[Show abstract] [Hide abstract] ABSTRACT: Diabetic retinopathy remains the major cause of blindness among working age adults. Although a number of metabolic abnormalities have been associated with its development, due to complex nature of this multi-factorial disease, a link between any specific abnormality and diabetic retinopathy remains largely speculative. Diabetes increases oxidative stress in the retina and its capillary cells, and overwhelming evidence suggests a bidirectional relationship between oxidative stress and other major metabolic abnormalities implicated in the development of diabetic retinopathy. Due to increased production of cytosolic reactive oxygen species, mitochondrial membranes are damaged and their membrane potentials are impaired, and complex III of the electron transport system is compromised. Suboptimal enzymatic and nonenzymatic antioxidant defense system further aids in the accumulation of free radicals. As the duration of the disease progresses, mitochondrial DNA (mtDNA) is damaged and the DNA repair system is compromised, and due to impaired transcription of mtDNA-encoded proteins, the integrity of the electron transport system is encumbered. Due to decreased mtDNA biogenesis and impaired transcription, superoxide accumulation is further increased, and the vicious cycle of free radicals continues to self-propagate. Diabetic milieu also alters enzymes responsible for DNA and histone modifications, and various genes important for mitochondrial homeostasis, including mitochondrial biosynthesis, damage and antioxidant defense, undergo epigenetic modifications. Although antioxidant administration in animal models has yielded encouraging results in preventing diabetic retinopathy, controlled longitudinal human studies remain to be conducted. Furthermore, the role of epigenetic in mitochondrial homeostasis suggests that regulation of such modifications also has potential to inhibit/retard the development of diabetic retinopathy. Copyright © 2015. Published by Elsevier Ltd.
    Full-text · Article · May 2015 · Progress in Retinal and Eye Research
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    • "Despite these findings, the results of clinical trials of antioxidant therapy are contradictory. Studies with limited numbers of patients suggest that antioxidant therapy with dobesilate and pycnogenol delay DR progression394041. In contrast, others have found no association between antioxidant therapy and decreased progression of DR [42, 43]. "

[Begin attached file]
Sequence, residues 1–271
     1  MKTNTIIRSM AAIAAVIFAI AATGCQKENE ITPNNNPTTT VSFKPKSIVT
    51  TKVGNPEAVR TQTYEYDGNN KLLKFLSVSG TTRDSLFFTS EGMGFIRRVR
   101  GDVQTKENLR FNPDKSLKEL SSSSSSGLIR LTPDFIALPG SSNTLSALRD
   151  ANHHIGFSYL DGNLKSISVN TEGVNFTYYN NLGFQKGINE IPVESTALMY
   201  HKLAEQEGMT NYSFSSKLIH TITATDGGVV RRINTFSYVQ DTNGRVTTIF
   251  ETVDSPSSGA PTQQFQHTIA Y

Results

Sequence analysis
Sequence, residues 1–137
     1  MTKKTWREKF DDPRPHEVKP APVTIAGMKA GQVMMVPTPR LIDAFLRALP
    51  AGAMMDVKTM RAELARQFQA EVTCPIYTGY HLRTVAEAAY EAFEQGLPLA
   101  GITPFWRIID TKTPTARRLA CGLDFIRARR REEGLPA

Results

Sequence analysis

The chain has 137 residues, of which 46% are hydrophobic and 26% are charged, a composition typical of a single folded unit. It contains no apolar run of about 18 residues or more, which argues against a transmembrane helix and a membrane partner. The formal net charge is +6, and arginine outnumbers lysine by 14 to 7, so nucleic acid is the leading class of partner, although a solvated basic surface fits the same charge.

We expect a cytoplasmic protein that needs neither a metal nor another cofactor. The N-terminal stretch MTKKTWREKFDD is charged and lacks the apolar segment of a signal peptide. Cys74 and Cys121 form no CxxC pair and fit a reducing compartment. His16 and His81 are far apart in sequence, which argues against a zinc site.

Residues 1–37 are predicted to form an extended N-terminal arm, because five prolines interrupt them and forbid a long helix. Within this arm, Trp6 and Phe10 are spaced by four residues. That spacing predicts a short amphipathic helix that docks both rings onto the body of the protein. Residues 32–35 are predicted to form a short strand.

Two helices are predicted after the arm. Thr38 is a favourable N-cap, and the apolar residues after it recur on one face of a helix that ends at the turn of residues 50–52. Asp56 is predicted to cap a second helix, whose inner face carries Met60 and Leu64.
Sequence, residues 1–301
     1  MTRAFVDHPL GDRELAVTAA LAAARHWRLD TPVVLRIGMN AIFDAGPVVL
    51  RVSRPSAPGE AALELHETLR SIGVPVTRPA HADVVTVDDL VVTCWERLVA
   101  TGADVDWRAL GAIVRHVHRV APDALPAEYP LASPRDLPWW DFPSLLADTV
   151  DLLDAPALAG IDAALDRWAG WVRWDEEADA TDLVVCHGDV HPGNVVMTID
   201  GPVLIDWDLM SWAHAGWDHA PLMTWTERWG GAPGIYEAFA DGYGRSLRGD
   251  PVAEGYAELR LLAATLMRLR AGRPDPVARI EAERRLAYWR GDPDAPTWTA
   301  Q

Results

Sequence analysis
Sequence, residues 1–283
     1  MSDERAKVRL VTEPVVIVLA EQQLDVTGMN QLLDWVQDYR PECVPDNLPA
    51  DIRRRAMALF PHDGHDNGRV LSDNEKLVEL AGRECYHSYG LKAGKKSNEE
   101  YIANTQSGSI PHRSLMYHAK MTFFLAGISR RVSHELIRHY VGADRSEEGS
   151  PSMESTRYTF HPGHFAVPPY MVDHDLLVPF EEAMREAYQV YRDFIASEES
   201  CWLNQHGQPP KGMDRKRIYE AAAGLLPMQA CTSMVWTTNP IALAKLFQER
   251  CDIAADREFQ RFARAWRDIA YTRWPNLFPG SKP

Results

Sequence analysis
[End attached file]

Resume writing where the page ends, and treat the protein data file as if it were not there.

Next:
[Show abstract] [Hide abstract] ABSTRACT: Aims/hypothesis: The realisation that targeting agents in the vitreous is an effective approach to treating patients with diabetic retinopathy (DR) has increased awareness that changes in the composition/bioactivity of the vitreous is a contributor to the pathogenesis of DR. The overall goal of this study was to test the hypothesis that the vitreous has regression activity, and that lysophosphatidic acid (LPA) contributes to such activity. LPA is a bioactive phospholipid present in many biological fluids, and has been recently appreciated for its ability to promote regression of blood vessels. Methods: Vitreous-mediated regression was monitored on tubes organised from primary retinal endothelial cells or neovessels that sprouted from retinal explants. LPA was quantified radioenzymatically. Results: Bovine and human vitreous promoted regression of retinal explant vessels and of tubes organised from primary retinal endothelial cells. LPA was a substantial component of this regression activity. Comparing the regression activities of vitreous from patients with different stages of DR revealed that, as patients developed proliferative diabetic retinopathy (PDR), vitreous lost its ability to promote regression, even though the amount of LPA did not change. The underlying mechanism was a PDR-vitreous-mediated insensitivity to LPA, which could be overcome pharmacologically. Conclusions/interpretation: Our findings suggest that a decline in the responsiveness to regression factors such as LPA, which are naturally present in the vitreous, contributes to the pathogenesis of PDR.
    Full-text · Article · Mar 2013 · Diabetologia